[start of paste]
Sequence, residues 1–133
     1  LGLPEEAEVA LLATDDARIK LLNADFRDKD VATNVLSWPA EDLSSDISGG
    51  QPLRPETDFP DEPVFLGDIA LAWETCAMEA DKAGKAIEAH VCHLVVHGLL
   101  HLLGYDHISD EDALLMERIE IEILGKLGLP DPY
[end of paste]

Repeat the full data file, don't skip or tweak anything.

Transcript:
Sequence, residues 1–133
     1  LGLPEEAEVA LLATDDARIK LLNADFRDKD VATNVLSWPA EDLSSDISGG
    51  QPLRPETDFP DEPVFLGDIA LAWETCAMEA DKAGKAIEAH VCHLVVHGLL
   101  HLLGYDHISD EDALLMERIE IEILGKLGLP DPY